First of all, H. Callitrichoides is a much better choice than glosso. Glosso is so invasive and fast growing that you will have a very hard time keeping it from growing into your background plants and growing so thick it begins growing over itself. It really needs a lot of room. On the other hand you can definately MAKE it work. I have some in my 10 gallon and have to periodically strip the whole damn mat out and replant just a few plantlets to keep it from becoming an unsightly glosso glob.
Second, I would go very light on the fast growing stem plants such as Hygro. They will take over your tank very quickly and you will discover that some of them can grow an inch a day, meaning you will have to trim them constantly. In a short tank it is surprising how quickly they will reach the surface and begin shading other plants.
Hygrophilia Difformis (which I believe is wisteria) is too large a plant for smaller tanks like that. I had just one stem in my 10 gallon tank and it fanned out so wide that I finally just took it out.
Riccia, H. Callitrichoides, and baby's tears are awesome plants for small tanks. I would also add Mayaca Fluitans to your list. While it can grow very tall, it is a relatively slow grower and since it is small and fuzzy like R. Wallichi, but bright green, it can be used to good effect. Also, it has little or no roots and thus clipping and replanting really doesn't have any effect on it at all.
-Aphyosemion

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I am an expert on algae, so ask me if you have questions. I know how to grow it, just not how to get rid of it.
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post #5 of 11 (permalink) Old 03-18-2005, 06:22 PM
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I can only comment from my own experiences:

Micranthemum micranthemaides - too invasive
Glossostigma elatinoides - too invasive
Lilaeopsis - might work; try L. brasiliensis
Hygrophilia - too invasive, most too big
wisteria (= Hygrophila difformis; see above)
Bacopa australis - too invasive, but might be good as initial fast-grower
African Fern - gets big
Hemianthus callitrichoides - perfect for small tank
Eleocharis acicularis - probably invasive, gets tall for tiny tank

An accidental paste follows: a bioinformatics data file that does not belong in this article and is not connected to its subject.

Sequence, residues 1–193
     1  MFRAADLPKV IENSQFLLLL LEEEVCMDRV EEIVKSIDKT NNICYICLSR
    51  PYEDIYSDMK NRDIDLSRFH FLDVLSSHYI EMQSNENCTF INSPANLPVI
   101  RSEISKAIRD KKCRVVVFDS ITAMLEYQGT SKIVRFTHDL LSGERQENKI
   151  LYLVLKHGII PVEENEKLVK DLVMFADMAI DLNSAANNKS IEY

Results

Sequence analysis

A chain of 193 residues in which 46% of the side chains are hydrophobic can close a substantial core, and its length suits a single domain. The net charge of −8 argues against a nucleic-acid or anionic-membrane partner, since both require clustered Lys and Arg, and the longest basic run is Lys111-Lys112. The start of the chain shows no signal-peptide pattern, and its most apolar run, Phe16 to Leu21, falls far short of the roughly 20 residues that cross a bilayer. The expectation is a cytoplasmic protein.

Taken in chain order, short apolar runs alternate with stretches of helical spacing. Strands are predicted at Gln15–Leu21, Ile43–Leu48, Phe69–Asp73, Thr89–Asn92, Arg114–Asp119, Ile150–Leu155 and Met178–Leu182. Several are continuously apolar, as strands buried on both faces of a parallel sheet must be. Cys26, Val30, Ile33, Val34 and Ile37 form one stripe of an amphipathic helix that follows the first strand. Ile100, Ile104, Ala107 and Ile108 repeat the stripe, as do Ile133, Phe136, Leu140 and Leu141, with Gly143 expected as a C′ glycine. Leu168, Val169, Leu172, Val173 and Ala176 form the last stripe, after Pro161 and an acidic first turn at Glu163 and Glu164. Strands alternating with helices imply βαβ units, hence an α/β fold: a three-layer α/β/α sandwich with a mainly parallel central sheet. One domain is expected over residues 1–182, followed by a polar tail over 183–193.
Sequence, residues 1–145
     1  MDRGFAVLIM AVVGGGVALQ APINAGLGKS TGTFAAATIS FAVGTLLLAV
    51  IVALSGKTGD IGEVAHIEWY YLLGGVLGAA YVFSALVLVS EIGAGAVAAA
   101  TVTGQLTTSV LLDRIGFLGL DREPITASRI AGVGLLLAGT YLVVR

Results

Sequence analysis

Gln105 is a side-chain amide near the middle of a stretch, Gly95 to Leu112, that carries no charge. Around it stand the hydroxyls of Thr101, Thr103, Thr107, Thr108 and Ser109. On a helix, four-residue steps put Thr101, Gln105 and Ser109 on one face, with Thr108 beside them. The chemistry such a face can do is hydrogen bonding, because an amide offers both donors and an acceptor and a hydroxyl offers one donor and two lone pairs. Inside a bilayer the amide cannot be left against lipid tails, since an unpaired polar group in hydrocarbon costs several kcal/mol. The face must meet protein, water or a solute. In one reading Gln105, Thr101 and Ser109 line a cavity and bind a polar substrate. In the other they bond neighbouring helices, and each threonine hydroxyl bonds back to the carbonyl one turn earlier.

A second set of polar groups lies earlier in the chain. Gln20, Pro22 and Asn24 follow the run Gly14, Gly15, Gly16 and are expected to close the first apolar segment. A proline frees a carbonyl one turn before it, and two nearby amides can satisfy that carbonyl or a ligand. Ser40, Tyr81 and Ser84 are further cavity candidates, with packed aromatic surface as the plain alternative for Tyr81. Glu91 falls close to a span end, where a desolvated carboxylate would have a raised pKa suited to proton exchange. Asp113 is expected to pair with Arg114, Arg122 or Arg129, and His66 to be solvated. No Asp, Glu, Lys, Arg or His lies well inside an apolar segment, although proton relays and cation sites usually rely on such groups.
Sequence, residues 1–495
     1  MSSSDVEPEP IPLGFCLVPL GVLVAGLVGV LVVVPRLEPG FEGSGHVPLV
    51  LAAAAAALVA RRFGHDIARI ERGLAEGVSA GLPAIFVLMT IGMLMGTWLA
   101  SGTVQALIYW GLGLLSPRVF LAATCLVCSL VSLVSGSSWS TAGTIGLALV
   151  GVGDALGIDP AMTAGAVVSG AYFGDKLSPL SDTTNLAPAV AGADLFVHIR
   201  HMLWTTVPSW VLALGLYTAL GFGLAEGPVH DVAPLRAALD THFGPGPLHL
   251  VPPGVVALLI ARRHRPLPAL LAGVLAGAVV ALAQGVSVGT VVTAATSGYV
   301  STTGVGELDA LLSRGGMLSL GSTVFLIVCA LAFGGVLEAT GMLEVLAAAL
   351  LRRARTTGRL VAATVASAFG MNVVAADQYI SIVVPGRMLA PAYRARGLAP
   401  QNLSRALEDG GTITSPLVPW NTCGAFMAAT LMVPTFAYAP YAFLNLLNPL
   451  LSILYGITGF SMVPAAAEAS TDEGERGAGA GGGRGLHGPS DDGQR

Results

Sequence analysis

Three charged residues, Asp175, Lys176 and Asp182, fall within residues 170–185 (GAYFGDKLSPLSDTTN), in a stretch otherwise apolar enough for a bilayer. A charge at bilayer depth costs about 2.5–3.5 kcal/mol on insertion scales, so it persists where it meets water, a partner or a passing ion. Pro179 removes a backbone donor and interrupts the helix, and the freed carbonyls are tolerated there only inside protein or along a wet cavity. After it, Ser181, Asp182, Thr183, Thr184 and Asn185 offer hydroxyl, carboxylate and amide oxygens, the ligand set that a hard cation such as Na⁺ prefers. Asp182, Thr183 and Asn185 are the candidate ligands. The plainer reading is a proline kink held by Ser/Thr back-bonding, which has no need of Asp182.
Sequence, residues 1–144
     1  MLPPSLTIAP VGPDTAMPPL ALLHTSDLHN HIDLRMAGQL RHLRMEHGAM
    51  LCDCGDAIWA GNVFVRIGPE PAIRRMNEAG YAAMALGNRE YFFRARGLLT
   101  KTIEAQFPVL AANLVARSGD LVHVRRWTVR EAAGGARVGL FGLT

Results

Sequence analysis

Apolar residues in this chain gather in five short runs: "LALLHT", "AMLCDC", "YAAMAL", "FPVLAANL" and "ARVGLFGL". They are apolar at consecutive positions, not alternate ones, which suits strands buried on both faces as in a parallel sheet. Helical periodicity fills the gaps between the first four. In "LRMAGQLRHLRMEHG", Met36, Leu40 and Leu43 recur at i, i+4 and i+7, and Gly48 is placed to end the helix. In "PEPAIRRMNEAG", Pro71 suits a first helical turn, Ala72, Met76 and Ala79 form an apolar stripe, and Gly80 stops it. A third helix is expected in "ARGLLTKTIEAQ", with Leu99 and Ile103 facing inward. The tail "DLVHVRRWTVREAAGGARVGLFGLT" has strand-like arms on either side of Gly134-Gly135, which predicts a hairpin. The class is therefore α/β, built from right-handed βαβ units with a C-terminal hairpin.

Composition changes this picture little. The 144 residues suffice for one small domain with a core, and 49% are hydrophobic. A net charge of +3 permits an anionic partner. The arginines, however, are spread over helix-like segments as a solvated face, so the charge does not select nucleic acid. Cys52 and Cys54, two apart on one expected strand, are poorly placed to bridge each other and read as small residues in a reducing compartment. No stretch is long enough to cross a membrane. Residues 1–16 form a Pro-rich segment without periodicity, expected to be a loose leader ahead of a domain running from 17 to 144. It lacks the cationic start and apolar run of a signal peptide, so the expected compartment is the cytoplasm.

Cladophora aegagrophila - nice idea!
Rotala wallichii - might work as background plant; try to find var. 'short leaf'
Micranthemum umbrosum - wonderful plant if you keep under control
Ludwigia brevipes - leaves get long
Crassula helmsii - ??? (never tried this plant, myself)
Vesularia dubyana - depends
Microsorum pteropus - plantlets would work but will get big
Anubias barteri nana - will get big; your lighting might be too strong
Sagittaria subulata (dwarf) - doesn't stay "dwarf" AFAIK
ludwigia palustris - too big
Rotala indica - might work as background plant; good fast-grower for initial set-up
Hemianthus micranthemoides - same as Micranthemum micranthemoides
taiwan moss - nice
junior sword plant - ?
Riccia fluitans - will work under your lighting, but will be fast-growing
Rotala rotundifolia - never figured out the difference between this and R. indica
xmas moss - ??? (never tried this plant, myself)
dwarf grass - Eleocharis parvula, I presume... Took over the whole tank in about 4 months.

Here are some to add to your list:
Lobelia cardinalis 'small-form'
Mayaca fluviatilis - didn't work for me, but you'll have stronger lighting than I do
Micranthemum sp. ("Amano pearlgrass" or "two-leafed hemianthus") - grows fast, but upwards, like M. umbrosum; easy to "corral" by snipping creepers
Ranalisma rostrata - still experimenting with this, myself; jury's still out
Lysimachia nummularia 'aurea'
Bacopa monnieri - (banned in many states but I see the stuff at Petco all the time)
Lindernia rotundifolia 'variegated'
Didiplis diandra - didn't work for me, but may grow fine with your lighting
Cryptocoryne parva - too dang slow for me
Elatine triandra (or other species) - needs LOTS of macros